With growing problems from herbicide resistant weeds in California vineyards, some growers are turning to a truly traditional weed control practice: grazing.
“We have a lot of commercial vineyards that are using sheep to go through and clean off a lot of weeds,” said John Roncoroni, a weed specialist with the University of California extension in Napa County. “The people who are really using sheep are using 200 per acre, running them with electric fences so they’ll eat the weeds down and keep them moving.”
Sheep will happily eat herbicide resistant weeds and large weed skeletons, but they’ll also happily munch on grapevines. The key is to move them through the vineyards before bud break, or use them post-harvest.
“I can tell you anecdotally that it invigorates the blocks; they are spreading manure everywhere,” said Debby Zygielbaum, a Napa-area vineyard consultant who weeded with sheep every spring for about a decade as a vineyard manager at Robert Sinskey Vineyards. It’s not without headaches, a sheep can rub against trellises or knock off drip emitters, and you need some place to pasture them if buds break earlier than expected, she said, but overall “it’s a great farming practice if you can work it out.”
If the logistical challenges of setting sheep free in your vineyards doesn’t appeal to you, there are other non-herbicidal weed control options available. Using some of these strategies to practice integrated weed control that reduces reliance on herbicides is increasingly important, Roncoroni said, now that it’s apparent over-reliance on glyphosate is taking a toll on the product’s effectiveness.
“For a long time, we were stuck in a post-emergent only weed control world, using RoundUp because people were looking at not changing the soil,” he said. “But biologically, we use way too much, that’s why we have resistance.”
He advocates reintroducing occasional cultivation when possible, especially because many of the current problem weeds in California vineyards, like herbicide-resistant horseweed and ryegrass, are commonly found in undisturbed roadsides, not cultivated fields.
“We used glyphosate to kill all the easy ones,” Roncoroni said, but the remaining challenges are very drought tolerant and compete for scarce water resources with the vines.
Cultivation costs do add up, considering that every acre of grapes is a mile of vine row but even adding it in every few years would help by reducing both weeds and the herbicide pressure that’s driving resistance, Roncoroni said. “Unfortunately, grapes like to grow in rocky, hilly areas where it’s hard to use cultivation,” he added.
Besides sheep and tilling, other options for diversifying weed control include using mulch or cover crops, flaming and using pre-emergent herbicides. Each option has its downsides, from mulch or cover crops attracting voles to flamers that can start fires if grass is too tall or too dry.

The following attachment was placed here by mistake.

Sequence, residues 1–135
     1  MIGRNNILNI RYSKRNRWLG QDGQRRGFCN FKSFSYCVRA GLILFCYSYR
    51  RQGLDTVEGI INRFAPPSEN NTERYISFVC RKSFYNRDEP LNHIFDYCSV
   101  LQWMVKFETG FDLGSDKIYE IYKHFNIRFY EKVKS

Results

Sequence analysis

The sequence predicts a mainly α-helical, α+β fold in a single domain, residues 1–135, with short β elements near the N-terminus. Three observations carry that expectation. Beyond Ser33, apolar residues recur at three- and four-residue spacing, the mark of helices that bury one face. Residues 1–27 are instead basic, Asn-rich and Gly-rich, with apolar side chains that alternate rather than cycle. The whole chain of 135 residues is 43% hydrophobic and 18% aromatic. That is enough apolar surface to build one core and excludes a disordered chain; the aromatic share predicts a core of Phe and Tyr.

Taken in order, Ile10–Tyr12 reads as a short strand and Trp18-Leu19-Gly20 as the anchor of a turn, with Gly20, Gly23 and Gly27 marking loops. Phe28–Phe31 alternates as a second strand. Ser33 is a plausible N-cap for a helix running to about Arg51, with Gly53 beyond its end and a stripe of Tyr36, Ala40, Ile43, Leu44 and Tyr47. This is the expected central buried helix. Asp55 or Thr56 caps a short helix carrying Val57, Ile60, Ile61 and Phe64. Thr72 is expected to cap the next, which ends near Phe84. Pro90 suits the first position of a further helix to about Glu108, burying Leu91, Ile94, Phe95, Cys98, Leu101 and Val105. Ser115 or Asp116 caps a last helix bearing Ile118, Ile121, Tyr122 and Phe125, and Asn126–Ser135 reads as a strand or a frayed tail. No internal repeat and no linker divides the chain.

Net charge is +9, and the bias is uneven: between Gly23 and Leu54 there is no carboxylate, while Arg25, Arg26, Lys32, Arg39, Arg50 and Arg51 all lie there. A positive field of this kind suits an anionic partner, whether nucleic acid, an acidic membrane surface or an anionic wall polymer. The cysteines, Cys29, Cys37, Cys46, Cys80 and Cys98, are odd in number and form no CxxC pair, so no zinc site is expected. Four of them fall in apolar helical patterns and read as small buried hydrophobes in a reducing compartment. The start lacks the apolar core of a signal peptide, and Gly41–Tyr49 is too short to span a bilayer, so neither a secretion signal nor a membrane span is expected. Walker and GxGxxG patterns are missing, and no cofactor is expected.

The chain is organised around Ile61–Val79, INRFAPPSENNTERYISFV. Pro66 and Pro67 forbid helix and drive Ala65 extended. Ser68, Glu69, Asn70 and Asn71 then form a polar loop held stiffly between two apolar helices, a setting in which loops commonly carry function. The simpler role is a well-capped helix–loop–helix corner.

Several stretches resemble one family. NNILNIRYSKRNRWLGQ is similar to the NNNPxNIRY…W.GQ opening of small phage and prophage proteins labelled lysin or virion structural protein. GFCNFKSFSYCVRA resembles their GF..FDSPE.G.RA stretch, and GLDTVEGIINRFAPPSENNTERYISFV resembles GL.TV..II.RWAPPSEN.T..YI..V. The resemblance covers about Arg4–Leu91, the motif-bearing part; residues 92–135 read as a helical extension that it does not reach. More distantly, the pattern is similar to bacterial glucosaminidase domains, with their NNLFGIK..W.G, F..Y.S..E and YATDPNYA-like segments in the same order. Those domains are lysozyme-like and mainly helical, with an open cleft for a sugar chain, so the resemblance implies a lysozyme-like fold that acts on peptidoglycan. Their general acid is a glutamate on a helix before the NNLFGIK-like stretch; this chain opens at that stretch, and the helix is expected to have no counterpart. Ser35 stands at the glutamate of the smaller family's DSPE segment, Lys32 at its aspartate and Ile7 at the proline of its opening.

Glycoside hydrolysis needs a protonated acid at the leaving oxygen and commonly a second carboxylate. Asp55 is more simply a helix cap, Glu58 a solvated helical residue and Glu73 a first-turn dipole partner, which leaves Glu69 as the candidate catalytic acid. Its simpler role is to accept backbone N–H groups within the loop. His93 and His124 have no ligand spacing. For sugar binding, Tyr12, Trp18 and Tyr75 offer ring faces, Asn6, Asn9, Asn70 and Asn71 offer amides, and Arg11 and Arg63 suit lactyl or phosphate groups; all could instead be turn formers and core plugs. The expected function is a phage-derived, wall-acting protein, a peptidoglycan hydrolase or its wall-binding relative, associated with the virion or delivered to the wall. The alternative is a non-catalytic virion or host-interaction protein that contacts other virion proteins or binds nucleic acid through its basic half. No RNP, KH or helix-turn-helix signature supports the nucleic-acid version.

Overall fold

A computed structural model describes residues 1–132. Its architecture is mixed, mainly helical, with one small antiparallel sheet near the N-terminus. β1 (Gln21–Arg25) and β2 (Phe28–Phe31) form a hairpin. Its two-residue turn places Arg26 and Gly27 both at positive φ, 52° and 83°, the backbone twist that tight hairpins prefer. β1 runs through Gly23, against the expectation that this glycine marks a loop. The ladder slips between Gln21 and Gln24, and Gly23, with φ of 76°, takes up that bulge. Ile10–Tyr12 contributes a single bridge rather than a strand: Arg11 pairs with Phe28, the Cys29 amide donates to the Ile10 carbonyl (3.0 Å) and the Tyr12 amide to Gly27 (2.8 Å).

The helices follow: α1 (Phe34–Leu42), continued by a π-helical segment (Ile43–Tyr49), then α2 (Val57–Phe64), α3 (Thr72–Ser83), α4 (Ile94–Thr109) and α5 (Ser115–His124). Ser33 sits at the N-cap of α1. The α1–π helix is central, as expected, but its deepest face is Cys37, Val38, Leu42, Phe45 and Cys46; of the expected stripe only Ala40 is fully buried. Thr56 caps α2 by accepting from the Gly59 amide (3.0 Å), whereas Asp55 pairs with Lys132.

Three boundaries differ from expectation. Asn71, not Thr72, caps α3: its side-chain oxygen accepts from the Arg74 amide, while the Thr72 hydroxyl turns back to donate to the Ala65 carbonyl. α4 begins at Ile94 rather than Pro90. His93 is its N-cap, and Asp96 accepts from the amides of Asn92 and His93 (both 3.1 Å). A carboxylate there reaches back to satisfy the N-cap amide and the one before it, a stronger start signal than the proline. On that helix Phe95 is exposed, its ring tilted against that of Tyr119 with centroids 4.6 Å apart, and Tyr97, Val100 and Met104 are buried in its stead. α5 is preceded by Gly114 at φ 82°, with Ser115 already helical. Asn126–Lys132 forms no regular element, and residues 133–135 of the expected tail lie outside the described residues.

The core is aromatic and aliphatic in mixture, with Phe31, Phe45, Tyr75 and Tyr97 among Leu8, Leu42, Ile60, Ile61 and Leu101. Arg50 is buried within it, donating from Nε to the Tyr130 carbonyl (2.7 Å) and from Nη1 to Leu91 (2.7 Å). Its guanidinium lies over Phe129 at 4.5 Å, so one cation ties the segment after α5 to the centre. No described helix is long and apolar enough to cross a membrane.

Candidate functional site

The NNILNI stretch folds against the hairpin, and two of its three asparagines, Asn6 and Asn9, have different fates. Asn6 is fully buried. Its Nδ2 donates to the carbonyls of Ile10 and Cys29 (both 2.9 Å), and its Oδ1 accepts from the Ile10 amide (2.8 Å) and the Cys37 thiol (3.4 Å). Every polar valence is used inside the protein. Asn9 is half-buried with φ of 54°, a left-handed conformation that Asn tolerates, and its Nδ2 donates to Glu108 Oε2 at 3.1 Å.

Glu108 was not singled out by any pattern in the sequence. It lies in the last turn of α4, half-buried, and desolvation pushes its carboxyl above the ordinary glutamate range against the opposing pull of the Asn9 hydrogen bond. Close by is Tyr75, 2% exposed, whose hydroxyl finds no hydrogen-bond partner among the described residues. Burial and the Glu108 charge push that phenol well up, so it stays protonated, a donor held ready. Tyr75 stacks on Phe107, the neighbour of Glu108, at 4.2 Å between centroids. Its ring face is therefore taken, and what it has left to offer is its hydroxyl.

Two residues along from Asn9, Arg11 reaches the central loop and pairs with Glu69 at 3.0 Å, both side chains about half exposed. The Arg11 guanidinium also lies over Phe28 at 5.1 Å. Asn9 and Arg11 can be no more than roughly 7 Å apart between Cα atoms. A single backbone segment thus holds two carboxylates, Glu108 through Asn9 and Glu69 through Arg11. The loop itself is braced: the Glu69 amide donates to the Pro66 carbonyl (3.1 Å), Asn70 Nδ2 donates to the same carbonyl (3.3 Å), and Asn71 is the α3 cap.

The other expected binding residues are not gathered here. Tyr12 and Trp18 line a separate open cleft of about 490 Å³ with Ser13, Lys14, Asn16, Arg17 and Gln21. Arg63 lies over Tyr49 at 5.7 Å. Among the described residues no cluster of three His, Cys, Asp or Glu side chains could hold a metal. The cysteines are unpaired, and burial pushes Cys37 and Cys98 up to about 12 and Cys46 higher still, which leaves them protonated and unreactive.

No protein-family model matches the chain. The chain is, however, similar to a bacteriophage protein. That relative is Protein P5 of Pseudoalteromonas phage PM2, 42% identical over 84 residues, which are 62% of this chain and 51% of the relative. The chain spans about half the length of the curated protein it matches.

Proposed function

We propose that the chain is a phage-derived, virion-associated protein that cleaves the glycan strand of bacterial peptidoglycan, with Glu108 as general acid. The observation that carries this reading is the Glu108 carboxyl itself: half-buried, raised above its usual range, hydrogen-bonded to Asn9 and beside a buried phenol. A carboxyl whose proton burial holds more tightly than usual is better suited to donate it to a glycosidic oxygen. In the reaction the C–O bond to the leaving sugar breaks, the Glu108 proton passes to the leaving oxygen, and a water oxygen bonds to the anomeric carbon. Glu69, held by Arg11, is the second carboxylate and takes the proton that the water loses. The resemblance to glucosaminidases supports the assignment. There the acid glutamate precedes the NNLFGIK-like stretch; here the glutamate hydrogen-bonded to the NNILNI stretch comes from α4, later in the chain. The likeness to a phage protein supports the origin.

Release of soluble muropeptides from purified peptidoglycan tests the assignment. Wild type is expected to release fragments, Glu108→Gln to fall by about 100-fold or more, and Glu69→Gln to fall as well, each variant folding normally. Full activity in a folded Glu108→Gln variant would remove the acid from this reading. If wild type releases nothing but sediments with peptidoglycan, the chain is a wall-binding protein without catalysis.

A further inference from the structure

To get the best performance out of pre-emergent herbicides, Roncoroni recommends sweeping the vineyard first to remove residual weed skeletons or grape leaves that prevent the herbicide from getting good soil coverage.
“You can really see a difference,” he said. “There’s nothing worse than a wasted pass, wasting herbicide, wasting gas, wasting time.”
The benefits of sweeping plus pre-emergents can even carry over into the next year, reducing weeds that trap fallen grape leaves. Without the weeds, the leaves blow away during the winter and growers have a clean floor for the next season and that “nice clean slate to start with takes less management,” Roncoroni said.
That’s the sort of added benefit he urges growers to take advantage of, but he acknowledges that weed control is typically last in vineyard budgets. “Every year, we do 80 percent of the weed control we need,” he said in a presentation to growers last December. But shifting more of that budget to extra weed control one year — cultivation, pre-emergents or more mowing — could reduce management needs and costs the following years.
Or sheep. Although right now, there may be more demand for sheep in the Napa Valley than availability, Zygielbaum said. Growers no longer get paid for providing the sheep with forage, as they did decades ago, instead they pay for transporting the animals and rent them by acre or by ewe, but for many, it’s worth the investment.
On 200 acres at Robert Sinskey Vineyards, grazing for two months was “basically the cost of a couple of mowing passes,” she said. And unlike tractors, which tend to get stuck in the mud in early spring, sheep can handle the conditions. •
—by Kate Prengaman
—Find a shepherd to work with, who can take care of the sheep day to day, unless you want to be a full-time sheep farmer as well as a grape grower.
—Try to match herd size to vineyard size and timing needs; good coverage gets good weed control, but hungry sheep need regular rotation to fresh pasture.
—Many sheep breeds will work. You don’t need boutique babydoll sheep, but larger breeds may cause more damage if they lean on trellis or rub on irrigation mains.
—In most vineyards, sheep just graze before bud break, but some growers are designing vineyards with tall trellis and high-wire training systems to accommodate sheep all year-round.
Source: Debby Zygielbaum
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